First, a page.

‘Lady and the Tramp,’ ‘Home Alone,’ ‘Tim Burton’s The Nightmare Before Christmas,’ and ’12 Years a Slave’ Added to National Film Registry

Disney’s Lady and the Tramp (1955), 20th Century’s Home Alone (1990), Disney’s Tim Burton’s The Nightmare Before Christmas (1993), and Searchlight Pictures’ 12 Years a Slave (2013) are among the 25 films named today to the Library of Congress’ National Film Registry.

Each year since 1989, the Library of Congress has named 25 films that it deems as “culturally, historically, or esthetically important” to its National Film Registry. Online nominations from the general public are part of the selection process—and Home Alone was one of two titles that “drew significant support,” the Library of Congress noted. The Library of Congress reported that 6,875 titles were submitted for consideration this year.

“Films are an integral piece of America’s cultural heritage, reflecting stories of our nation for more than 125 years. We are proud to add 25 diverse films to the National Film Registry as we preserve our history through film,” said Carla Hayden, Librarian of Congress. “We’re grateful to the film community for collaborating with the Library of Congress in our goal to preserve the heritage of cinema for generations to come.”

The animated feature Lady and the Tramp tells the love story of Lady (voiced by Barbara Luddy), a cocker spaniel from a respectable home, who falls for Tramp (voiced by Larry Roberts), a mutt who lives in the railroad yards. Not only was it Disney Studios’ most mature love story to date, but the film marked a technological innovation. In addition to standard theatrical formats, Disney released the film in the wide screen CinemaScope process, in part to keep people going to the theaters following the advent of television.

In the holiday classic Home Alone, 8-year-old Kevin McCallister (Macaulay Culkin) becomes the man of the house overnight after his family accidentally leaves him behind on Christmas vacation. The mischievous youngster must then use his creativity and wit to stave off two bumbling burglars (Joe Pesci and Daniel Stern). Chris Columbus directs the film, from a script by John Hughes, and composer John Williams contributes a memorable score.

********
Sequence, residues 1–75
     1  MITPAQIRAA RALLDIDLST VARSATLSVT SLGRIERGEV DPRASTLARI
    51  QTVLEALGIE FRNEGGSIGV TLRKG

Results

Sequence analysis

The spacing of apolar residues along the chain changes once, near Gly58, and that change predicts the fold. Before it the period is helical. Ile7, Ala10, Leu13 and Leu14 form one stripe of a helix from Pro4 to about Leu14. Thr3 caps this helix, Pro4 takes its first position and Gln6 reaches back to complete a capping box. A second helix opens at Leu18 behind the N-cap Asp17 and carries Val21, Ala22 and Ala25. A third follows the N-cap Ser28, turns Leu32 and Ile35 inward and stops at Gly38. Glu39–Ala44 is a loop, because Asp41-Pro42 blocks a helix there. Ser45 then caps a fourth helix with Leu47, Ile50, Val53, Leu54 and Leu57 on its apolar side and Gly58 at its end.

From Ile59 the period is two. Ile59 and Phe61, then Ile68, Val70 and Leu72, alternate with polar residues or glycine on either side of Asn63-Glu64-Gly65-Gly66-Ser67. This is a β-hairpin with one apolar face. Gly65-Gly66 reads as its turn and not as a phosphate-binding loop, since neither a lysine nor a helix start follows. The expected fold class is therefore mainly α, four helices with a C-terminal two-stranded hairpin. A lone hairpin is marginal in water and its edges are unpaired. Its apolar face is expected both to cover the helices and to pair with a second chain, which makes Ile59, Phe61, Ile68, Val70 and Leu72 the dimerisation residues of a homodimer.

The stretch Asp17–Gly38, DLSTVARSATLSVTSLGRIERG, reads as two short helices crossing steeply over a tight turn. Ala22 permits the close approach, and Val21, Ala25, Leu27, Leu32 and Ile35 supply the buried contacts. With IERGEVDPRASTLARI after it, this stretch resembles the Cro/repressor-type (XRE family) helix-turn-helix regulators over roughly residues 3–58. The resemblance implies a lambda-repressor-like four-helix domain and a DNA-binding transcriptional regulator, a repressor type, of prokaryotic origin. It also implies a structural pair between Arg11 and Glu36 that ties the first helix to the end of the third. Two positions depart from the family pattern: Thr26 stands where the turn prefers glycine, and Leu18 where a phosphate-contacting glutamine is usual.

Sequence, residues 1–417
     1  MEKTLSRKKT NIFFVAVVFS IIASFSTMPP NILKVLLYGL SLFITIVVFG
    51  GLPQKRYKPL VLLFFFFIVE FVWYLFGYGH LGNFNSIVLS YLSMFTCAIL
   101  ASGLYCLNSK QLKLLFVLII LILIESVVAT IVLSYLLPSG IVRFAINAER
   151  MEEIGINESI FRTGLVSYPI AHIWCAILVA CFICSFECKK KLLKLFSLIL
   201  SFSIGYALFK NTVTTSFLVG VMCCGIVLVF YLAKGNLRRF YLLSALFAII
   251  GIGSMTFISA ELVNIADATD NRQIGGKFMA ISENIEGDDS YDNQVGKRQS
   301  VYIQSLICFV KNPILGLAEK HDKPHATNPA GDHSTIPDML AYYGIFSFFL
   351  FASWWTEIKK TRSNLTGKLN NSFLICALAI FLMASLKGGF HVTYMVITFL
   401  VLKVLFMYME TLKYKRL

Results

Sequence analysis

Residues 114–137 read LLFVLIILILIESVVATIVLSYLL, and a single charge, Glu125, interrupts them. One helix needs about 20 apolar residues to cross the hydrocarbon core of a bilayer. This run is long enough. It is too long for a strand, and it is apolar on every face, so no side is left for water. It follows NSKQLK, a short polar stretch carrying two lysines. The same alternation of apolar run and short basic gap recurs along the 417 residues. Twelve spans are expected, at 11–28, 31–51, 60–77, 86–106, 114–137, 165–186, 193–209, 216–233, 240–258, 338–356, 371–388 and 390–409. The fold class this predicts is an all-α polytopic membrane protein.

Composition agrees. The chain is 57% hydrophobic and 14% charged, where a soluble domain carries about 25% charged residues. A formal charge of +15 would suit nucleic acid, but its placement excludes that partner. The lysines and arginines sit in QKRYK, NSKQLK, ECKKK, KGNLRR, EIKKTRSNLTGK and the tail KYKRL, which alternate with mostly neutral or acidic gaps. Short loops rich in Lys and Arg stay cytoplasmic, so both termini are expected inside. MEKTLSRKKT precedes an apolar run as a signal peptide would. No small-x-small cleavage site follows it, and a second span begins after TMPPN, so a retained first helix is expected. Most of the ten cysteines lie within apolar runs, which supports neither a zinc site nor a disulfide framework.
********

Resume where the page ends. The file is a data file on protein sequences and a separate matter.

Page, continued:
In Tim Burton’s The Nightmare Before Christmas, filmmaker Tim Burton won over an even larger (and decidedly younger) crowd with his delightful stop-motion animated story. Jack Skellington (voiced by Chris Sarandon), whose giant pumpkin head rests precariously on top of his rail-thin body, is the king of Halloween Town. One year he dreams of bringing a little Christmas magic to his humble hamlet. Conceived and produced by Burton (with direction by Henry Selick), the film features iconic songs by Disney Legend Danny Elfman.

Winner of the Academy Award® for Best Picture, 12 Years a Slave offers a raw, visceral look at slavery on a Louisiana plantation. Directed by Steve McQueen, it is based on the 1853 memoir by Solomon Northup, an African American free man who was kidnapped and sold into slavery for 12 years before regaining his freedom. The film also won Academy Awards for Best Adapted Screenplay (John Ridley) and Best Supporting Actress (Lupita Nyong’o).

“Slavery for me was a subject matter that hadn’t been sort of given enough recognition within the narrative of cinema history,” McQueen said upon the film’s induction into the Library. “I wanted to address it for that reason, but also because it was a subject which had so much to do with how we live now. It wasn’t just something which was dated. It was something which is living and breathing, because you see the evidence of slavery today.”

These four films join 24 others from Disney’s library in the National Film Registry: Snow White and the Seven Dwarfs (1937) in 1989; Fantasia (1940) in 1990; Pinocchio (1940) in 1994; Steamboat Willie (1928) in 1998; Beauty and the Beast (1991) in 2002; Toy Story (1995) in 2005; Three Little Pigs (1933) in 2007; Disneyland Dream (1956) in 2009; Bambi (1942) in 2011; Mary Poppins (1964) in 2013; The Old Mill (1937) and The Story of Menstruation (1946) in 2015; The Lion King (1994), Rushmore (1998), and Who Framed Roger Rabbit (1988) in 2016; Dumbo (1941) in 2017; Cinderella (1950) in 2018; Old Yeller (1957) and Sleeping Beauty (1959) in 2019; Flowers and Trees (1932), Star Wars: Return of the Jedi (1983), and WALL-E (2008) in 2021; and The Little Mermaid (1989) and Iron Man (2008) in 2022.

Two of this year’s films will be screened at Live! at the Library: Tim Burton’s The Nightmare Before Christmas will screen Thursday, December 21, at 6:30 p.m. ET, and Home Alone will screen Thursday, December 28, at 6:30 p.m. ET. Free timed-entry passes are available here.